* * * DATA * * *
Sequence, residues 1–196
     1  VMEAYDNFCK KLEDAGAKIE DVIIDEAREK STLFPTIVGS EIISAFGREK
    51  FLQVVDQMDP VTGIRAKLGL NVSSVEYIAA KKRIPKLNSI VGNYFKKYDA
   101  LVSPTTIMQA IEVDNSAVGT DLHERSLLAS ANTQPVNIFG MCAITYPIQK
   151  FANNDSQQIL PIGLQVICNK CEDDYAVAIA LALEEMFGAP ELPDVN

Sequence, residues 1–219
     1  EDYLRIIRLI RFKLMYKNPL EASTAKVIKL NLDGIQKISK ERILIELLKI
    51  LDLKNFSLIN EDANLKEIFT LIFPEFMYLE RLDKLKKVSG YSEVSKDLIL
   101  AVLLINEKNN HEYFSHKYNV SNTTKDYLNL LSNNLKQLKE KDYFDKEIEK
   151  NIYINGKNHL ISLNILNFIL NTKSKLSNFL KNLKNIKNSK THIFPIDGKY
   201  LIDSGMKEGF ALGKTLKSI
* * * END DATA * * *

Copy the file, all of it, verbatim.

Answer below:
Sequence, residues 1–196
     1  VMEAYDNFCK KLEDAGAKIE DVIIDEAREK STLFPTIVGS EIISAFGREK
    51  FLQVVDQMDP VTGIRAKLGL NVSSVEYIAA KKRIPKLNSI VGNYFKKYDA
   101  LVSPTTIMQA IEVDNSAVGT DLHERSLLAS ANTQPVNIFG MCAITYPIQK
   151  FANNDSQQIL PIGLQVICNK CEDDYAVAIA LALEEMFGAP ELPDVN

Sequence, residues 1–219
     1  EDYLRIIRLI RFKLMYKNPL EASTAKVIKL NLDGIQKISK ERILIELLKI
    51  LDLKNFSLIN EDANLKEIFT LIFPEFMYLE RLDKLKKVSG YSEVSKDLIL
   101  AVLLINEKNN HEYFSHKYNV SNTTKDYLNL LSNNLKQLKE KDYFDKEIEK
   151  NIYINGKNHL ISLNILNFIL NTKSKLSNFL KNLKNIKNSK THIFPIDGKY
   201  LIDSGMKEGF ALGKTLKSI